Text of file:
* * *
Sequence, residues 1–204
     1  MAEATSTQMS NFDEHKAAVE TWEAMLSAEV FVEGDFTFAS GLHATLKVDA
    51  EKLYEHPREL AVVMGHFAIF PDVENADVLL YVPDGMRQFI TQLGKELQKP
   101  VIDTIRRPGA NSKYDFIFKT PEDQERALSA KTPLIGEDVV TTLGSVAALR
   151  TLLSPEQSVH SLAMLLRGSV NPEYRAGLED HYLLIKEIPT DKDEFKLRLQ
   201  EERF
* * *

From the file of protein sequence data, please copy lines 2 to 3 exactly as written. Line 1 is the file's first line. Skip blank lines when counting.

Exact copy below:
     1  MAEATSTQMS NFDEHKAAVE TWEAMLSAEV FVEGDFTFAS GLHATLKVDA
    51  EKLYEHPREL AVVMGHFAIF PDVENADVLL YVPDGMRQFI TQLGKELQKP